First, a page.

Alberto Korda is the pseudonym of Alberto Díaz Gutiérrez, a Cuban born photographer who had many odd jobs before becoming an assistant photographer, allegedly, "to meet women". Indeed it seems he succeeded in his ambition as his first wife became the first Cuban supermodel.
In the 1950s he and another photographer opened a photography studio together and he chose a new name for himself - Korda - and began to build his reputation through the use of natural light to photograph fashion models.
In 1953, the Cuban revolution began on 26 July with a successful armed revolt by by Fidel Castro which overthrew the US-backed Cuban dictator Fulgencio Batista on 1st January 1959, after over five years of struggle.
Above: "Guerrillero Heroico", 1960 - Che Guevara at the La Coubre Memorial Service
After the revolution, Alberto Korda became the personal photographer to Fidel Castro. He was also a photographer for the Cuban newspaper Revolución when, on 6th March 1960, he took the famous photograph of Che Guevara at the funeral of victims of the bombing of the ship La Coubre.
Korda was about 10 meters away from where Castro was giving a speech and suddenly he saw Che emerging from the bottom of a nearby platform looking angry to the point of rage. Korda pressed the shutter release once and there and then captured the iconic photograph of Che Guevara, rebel and hero of the people, eventually to become martyr and victim to the cause.
Above: The original, uncropped version of Korda's photograph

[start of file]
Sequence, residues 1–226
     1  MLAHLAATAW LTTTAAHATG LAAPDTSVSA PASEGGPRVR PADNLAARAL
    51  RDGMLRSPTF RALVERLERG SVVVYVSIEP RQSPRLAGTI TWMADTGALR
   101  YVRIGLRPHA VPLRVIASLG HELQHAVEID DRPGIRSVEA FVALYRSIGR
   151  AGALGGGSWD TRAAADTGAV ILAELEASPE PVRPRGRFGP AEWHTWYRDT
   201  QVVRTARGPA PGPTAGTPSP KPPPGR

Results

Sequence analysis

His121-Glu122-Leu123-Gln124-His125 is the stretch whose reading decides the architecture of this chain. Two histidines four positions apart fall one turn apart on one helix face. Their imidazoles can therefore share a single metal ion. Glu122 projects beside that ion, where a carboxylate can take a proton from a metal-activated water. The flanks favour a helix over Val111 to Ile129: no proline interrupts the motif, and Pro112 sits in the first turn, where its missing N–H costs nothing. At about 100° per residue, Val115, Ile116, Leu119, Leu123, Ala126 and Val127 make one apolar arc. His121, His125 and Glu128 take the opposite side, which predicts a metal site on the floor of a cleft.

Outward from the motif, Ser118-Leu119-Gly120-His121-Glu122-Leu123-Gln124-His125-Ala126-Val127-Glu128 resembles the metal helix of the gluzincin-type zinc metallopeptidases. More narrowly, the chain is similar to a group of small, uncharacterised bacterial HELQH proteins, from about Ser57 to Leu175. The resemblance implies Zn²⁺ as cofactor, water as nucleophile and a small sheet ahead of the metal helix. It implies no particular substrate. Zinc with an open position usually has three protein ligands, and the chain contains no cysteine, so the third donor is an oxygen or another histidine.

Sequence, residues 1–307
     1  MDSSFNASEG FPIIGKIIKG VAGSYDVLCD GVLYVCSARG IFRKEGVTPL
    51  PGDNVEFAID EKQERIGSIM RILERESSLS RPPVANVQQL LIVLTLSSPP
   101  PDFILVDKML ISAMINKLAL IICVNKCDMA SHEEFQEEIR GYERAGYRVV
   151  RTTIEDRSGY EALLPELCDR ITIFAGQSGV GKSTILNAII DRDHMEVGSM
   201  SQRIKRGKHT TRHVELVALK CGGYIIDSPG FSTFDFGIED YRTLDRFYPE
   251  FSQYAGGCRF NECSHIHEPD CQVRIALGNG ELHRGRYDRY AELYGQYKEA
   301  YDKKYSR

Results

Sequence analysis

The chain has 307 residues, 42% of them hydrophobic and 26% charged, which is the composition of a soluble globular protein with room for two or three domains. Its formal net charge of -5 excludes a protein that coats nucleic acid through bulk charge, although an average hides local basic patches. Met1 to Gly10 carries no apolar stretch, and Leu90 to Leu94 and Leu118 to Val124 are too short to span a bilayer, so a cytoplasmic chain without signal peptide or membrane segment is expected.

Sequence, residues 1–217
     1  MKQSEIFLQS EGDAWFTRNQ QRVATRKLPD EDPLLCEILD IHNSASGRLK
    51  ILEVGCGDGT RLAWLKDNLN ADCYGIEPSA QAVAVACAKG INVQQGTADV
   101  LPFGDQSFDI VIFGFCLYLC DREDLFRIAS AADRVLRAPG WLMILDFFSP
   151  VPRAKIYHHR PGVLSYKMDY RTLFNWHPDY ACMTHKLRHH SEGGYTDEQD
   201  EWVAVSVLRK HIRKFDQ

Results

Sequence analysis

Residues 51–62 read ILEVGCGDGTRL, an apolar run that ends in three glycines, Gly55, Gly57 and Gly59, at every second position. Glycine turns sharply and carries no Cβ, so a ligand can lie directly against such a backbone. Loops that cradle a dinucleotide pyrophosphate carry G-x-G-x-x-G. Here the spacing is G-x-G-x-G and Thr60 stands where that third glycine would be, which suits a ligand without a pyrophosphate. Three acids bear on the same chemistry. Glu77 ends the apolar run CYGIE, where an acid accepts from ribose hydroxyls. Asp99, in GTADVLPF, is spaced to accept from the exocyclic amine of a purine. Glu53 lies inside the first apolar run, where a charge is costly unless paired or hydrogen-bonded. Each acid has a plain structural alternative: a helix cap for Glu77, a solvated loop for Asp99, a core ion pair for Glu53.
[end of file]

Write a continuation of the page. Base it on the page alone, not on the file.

On 9th October, 1967, Bolivian President René Barrientos ordered that Guevara be killed. Subsequently, the Italian publisher Giangiacomo Feltrinelli went to Korda's studio to enquire about pictures of Che and Korda gave him the famous photo.
Feltrinelli printed Alberto Korda's picture on a poster one meter by 70 centimeters, and it is said to have sold a million copies in six months. The image then started to be used by anyone and everyone including Smirnoff to promote vodka. Korda didn't mind that he didn't have copyright on the photograph but he was unhappy about the Smirnoff advert.
Left: Korda holding the famous photograph - source: Museo Che Guevara (Centro de Estudios Che Guevara en La Habana, Cuba)
He said: "As a supporter of the ideals for which Che Guevara died, I am not averse to its reproduction by those who wish to propagate his memory and the cause of social justice throughout the world, but I am categorically against the exploitation of Che's image to promote products such as alcohol, or for any other purpose that denigrates the reputation of Che."
He won a lawsuit and compensation of $50,000 which he gave to the Cuban medical system because he said: "If Che was still alive, he would have done the same thing."
Below is another photo of Alberto Korda in front of his famous snapshot and holding a three Cuban Peso banknote, which also bears Che Guevara's photo.
Above photo - source: Museo Che Guevara (Centro de Estudios Che Guevara en La Habana, Cuba)
Between 1968 and 1978, Korda began to devote himself to underwater photography. He died of a heart attack in Paris in 2001, while presenting an exhibition of his work, and is buried in Colon Cemetery in Havana.
Originally published in France, Cuba by Korda,
gives an overview of his extraordinary camerawork, including
some quirky and less well-known photos, such as Castro warily
eyeing a tiger at the Bronx zoo and Che Guevara playing golf.
The proof strip of the roll of film from which the famous shot of Che was taken is also reproduced, including Korda's photos of Jean Paul Sartre and Simone de Beauvoir who were visiting Cuba and which were published at the time, not the photo of Che!
Korda liked the photo and stuck it on his wall until Feltrinelli spotted it and took it home.